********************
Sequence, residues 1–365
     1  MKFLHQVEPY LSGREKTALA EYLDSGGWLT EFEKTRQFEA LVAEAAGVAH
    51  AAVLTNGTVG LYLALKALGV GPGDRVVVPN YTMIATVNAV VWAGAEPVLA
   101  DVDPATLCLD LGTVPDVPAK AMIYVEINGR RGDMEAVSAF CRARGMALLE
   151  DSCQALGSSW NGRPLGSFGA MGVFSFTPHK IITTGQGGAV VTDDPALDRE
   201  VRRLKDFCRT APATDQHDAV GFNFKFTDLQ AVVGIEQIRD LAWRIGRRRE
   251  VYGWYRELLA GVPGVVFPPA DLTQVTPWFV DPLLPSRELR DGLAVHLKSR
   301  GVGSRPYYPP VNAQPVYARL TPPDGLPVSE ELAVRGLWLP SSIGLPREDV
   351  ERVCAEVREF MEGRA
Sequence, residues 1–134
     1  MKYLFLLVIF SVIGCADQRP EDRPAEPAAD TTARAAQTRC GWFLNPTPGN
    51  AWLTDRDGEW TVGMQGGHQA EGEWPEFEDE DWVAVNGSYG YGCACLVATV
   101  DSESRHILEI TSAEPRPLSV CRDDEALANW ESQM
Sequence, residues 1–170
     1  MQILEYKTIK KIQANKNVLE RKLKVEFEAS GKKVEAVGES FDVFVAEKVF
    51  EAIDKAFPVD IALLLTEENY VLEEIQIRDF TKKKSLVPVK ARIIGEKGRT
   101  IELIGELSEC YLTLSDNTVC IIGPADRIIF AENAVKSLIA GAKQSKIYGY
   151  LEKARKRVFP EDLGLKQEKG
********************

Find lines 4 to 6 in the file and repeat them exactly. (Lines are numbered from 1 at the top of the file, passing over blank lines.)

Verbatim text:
   101  DVDPATLCLD LGTVPDVPAK AMIYVEINGR RGDMEAVSAF CRARGMALLE
   151  DSCQALGSSW NGRPLGSFGA MGVFSFTPHK IITTGQGGAV VTDDPALDRE
   201  VRRLKDFCRT APATDQHDAV GFNFKFTDLQ AVVGIEQIRD LAWRIGRRRE